In addition to the history-making tie-up between an Israeli company and the United Arad Emirates, and a commitment by Etihad to convert 777s to freighters with IAI, the move is a major coup for IAI to win other Arab airline business.
IAI and the former GECAS, which was acquired by AerCap, launched the first 777 P2F program in 2019. GECAS ordered 15 conversions of the -300ER and optioned 15 more.
Aug. 23, 2021, © Leeham News: Could Embraer’s new turboprop design have formed the basis for the 100-150 seat Boeing single-aisle aircraft had the joint venture proceeded?
A former Boeing engineer thinks it might have.
Under the proposed JV, which Boeing ash-canned in April 2020, Embraer would have been responsible for development of the 100-150 seat aircraft Boeing needs to replace the 737-7 and 737-8.
Aug. 16, 2021, © Leeham News: Freighter conversions for the Airbus A330ceo are picking up steam as the inventory jumps following the COVID-19 pandemic.
There are 20 A330s that have been converted: 13 -300s and seven -200s. Package carrier DHL converted eight -300s, the most of any operator. It has contracts to convert 20 more, reports Cargo Facts.
The combined 40 P2Fs exceeds the number of A330-200Fs that was built fresh off the factory line—38.
Most observers consider the new A330-200F program a failure, although this may be a narrow view. While commercial sales were disappointing, the -200F was a companion program to the A330 Multi-Role Tanker Transport. There are so far 61 orders for the MRTT; as of last month, 48 were delivered. Looking at this as one program off the same platform, this means there were 99 orders to date.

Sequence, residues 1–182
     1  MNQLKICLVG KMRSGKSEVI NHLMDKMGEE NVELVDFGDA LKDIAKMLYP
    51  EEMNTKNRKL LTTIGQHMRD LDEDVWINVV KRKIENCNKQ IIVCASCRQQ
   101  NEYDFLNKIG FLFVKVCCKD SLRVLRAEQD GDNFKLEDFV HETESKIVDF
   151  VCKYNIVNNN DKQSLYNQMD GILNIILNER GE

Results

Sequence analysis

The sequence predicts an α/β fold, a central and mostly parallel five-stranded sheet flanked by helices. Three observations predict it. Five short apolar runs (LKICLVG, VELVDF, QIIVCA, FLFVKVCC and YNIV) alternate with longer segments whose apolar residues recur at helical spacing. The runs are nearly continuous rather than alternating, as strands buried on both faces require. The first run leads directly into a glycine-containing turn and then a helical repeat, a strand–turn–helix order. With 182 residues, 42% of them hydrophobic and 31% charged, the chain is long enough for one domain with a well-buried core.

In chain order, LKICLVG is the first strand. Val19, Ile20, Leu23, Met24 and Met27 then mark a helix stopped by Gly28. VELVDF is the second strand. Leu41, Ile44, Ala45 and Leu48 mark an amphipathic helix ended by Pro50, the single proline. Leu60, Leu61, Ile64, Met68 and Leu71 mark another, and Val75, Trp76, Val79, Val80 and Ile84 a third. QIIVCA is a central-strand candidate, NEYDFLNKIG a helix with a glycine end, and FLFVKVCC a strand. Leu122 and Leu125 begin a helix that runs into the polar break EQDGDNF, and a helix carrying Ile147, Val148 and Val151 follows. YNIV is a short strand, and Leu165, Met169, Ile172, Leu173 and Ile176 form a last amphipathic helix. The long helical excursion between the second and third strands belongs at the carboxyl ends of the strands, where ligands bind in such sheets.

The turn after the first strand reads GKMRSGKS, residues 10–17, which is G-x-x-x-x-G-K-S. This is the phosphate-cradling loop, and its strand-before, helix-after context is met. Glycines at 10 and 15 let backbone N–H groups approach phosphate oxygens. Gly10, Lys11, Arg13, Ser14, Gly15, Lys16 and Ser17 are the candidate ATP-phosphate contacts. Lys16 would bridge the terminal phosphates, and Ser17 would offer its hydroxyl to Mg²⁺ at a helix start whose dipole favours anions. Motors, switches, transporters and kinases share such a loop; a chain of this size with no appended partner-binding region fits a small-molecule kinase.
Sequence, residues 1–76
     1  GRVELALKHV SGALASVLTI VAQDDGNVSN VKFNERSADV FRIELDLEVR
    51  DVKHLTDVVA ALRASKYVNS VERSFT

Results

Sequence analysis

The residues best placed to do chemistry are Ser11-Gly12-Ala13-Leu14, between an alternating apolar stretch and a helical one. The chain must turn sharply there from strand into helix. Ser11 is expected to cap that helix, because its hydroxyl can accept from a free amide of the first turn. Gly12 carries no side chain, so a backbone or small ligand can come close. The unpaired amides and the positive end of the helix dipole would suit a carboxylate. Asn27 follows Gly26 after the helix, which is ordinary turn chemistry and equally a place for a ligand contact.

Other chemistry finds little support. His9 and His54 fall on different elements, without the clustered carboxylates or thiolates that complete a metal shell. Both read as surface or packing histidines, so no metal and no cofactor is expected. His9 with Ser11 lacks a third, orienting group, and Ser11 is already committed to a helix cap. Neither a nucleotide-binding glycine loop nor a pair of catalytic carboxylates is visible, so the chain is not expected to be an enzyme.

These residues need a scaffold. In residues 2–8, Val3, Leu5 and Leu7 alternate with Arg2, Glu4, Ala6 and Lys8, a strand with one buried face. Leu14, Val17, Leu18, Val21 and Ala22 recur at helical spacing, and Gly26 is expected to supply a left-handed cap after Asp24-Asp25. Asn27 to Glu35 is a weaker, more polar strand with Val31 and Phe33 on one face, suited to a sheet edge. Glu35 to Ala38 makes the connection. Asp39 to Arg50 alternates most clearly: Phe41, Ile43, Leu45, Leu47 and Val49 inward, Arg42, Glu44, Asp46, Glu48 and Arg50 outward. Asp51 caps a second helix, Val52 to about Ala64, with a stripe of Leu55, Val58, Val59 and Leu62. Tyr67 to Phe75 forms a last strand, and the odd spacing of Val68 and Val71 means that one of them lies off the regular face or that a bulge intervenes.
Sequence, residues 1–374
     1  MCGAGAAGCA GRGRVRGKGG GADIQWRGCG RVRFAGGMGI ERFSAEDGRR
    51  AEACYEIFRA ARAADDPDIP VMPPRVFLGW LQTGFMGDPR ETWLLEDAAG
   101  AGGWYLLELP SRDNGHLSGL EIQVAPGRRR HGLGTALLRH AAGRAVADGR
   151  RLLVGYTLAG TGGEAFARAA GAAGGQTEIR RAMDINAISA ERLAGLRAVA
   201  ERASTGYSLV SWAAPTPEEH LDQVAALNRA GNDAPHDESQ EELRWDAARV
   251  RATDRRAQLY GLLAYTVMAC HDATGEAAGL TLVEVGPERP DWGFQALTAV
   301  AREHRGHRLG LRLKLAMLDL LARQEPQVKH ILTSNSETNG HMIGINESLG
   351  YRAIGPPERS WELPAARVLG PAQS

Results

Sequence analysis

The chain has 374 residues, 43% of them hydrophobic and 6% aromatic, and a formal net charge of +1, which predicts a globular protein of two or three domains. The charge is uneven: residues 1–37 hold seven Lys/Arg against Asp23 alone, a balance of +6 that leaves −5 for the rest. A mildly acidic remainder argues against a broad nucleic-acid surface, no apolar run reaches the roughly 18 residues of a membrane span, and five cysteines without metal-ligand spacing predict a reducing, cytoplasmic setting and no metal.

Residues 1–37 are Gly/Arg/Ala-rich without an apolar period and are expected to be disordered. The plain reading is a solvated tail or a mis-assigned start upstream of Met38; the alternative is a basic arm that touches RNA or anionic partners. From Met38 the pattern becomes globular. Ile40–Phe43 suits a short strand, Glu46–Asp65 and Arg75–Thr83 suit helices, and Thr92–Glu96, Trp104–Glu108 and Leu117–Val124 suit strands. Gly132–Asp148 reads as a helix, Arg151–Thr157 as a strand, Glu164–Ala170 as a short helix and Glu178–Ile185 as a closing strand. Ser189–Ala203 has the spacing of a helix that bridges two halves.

Airbus and Lockheed Martin have joined to bid on the US Air Force contract for between 140-160 refueling tankers in the KC-Y competition that begins shortly. Boeing will offer the KC-46A, based on the 767-200ER platform. Lockheed last week announced it will rebrand the MRTT the LMXT.
Aug. 9, 2021, © Leeham News: Boeing’s 737 MAX market share vs Airbus is in a deeper hole than may be generally realized.
Aviation Week last week complied a list of the top seven low-cost carrier airlines in Asia with orders for 90 or more A320s or 737 family members.
LNA created market-share pie charts based on the numbers above to better illustrate the challenge. It’s not a pretty picture for Boeing.
Aug. 2, 2021, © Leeham News: A move by the Biden Administration may have unintended consequences in the KC-Y Bridge Tanker procurement by the US Air Force.
The Bridge Tanker is the Air Force’s second round to replace the aging Boeing KC-135 fleet. Between 140-160 airplanes will be purchased under KC-Y. The Air Force awarded a contract to Boeing in the previous KC-X procurement for 179 tankers based on the 767-200ER platform.
President Joe Biden announced last week that the US will adopt a rule under its Buy American policy that American content must be increased from 55% to 60% immediately and ultimately 75%.
If adopted, the rule appears to all but preclude an expected proposal by a partnership between Lockheed Martin and Airbus (LMA) to offer the KC-330 Multi-Role Tanker Transport (MRTT). This is based on the A330-200 platform.
Lockheed Martin did not respond to a request for comment.